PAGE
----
Four nation families and emotional legacies
This week, Richard Hall (University of Cambridge) examines the emotional and social lives of English fathers and sons through a four nations lens.
My first, slightly unsettling, thought upon writing a blog for the Four Nations History Network was how conspicuously English my doctoral project looked. In using oral history to explore the social and emotional lives of fathers and sons in Britain between 1945 and 1970, I have searched for sources from each of the devolved nations; however, this has nevertheless produced a predominantly English sample, which includes no Northern Irish, and only a minority of Scottish and Welsh men. But on closer inspection, Four Nations History in fact weaves through my research: through ancestry; the relocation of families over generations; and via legacies of values, beliefs and behaviours.
In a period during which rising affluence saw an increase in geographic, as well as social, mobility in Britain, family histories tell of cross-border, as well as cross-class encounters. As kinship networks dispersed, family ties were stretched; but connections endured in memory, and via cultural and emotional inheritances, which were often infused with ideas of national identity.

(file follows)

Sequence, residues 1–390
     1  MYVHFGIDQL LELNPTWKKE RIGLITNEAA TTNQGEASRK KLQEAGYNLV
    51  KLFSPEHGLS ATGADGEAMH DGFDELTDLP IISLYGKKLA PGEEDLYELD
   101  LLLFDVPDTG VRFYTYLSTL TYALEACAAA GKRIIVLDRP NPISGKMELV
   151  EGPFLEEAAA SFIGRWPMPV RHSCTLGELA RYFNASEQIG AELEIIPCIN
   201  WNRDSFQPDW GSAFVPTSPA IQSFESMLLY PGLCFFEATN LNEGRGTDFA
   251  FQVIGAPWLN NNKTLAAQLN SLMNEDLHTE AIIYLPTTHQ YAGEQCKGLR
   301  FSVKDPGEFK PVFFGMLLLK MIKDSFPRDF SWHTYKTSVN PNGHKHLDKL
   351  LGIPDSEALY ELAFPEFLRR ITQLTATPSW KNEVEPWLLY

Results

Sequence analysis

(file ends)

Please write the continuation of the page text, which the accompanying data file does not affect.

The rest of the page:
The Winns exemplified such cross-border movement across generations. Edward was brought up in 1920s Yorkshire, England, to a wealthy English father and Scottish mother. Electing not to succeed his father in banking, he instead acquired a farm in rural Scotland, where he and his wife had two boys. Hampered by the limited options for private education where they lived, they resorted to sending the eldest, Arthur, to boarding school in Brecon, South Wales. Edward’s wife lamented the rupture this created between Arthur and his maternal grandmother, to whom he had previously been intimately attached. Arthur had been particularly upset to miss her death, which had happened during term-time.[i]
Like many of their affluent peers, the Winns benefitted from easy movement across Britain’s soft borders. Having boarded himself as a child, and moving to Scotland in his late teens, Edward was used to the idea of geographic mobility within the family. But as the reflections of his wife and son illustrate, the prizing of private education over familial closeness was not without its emotional consequences.
For many second and third generation children of mobilised families, however, the presence of older relatives in different parts of Britain also had pleasurable connotations. The post-war period saw the heyday of domestic holidays, and it was common to travel between the devolved nations, to stay with, or near relatives. Indeed the journeys were often events in themselves, as fathers would make temporary adjustments to family cars, vans or motorcycles, to accommodate excited children for their big trips.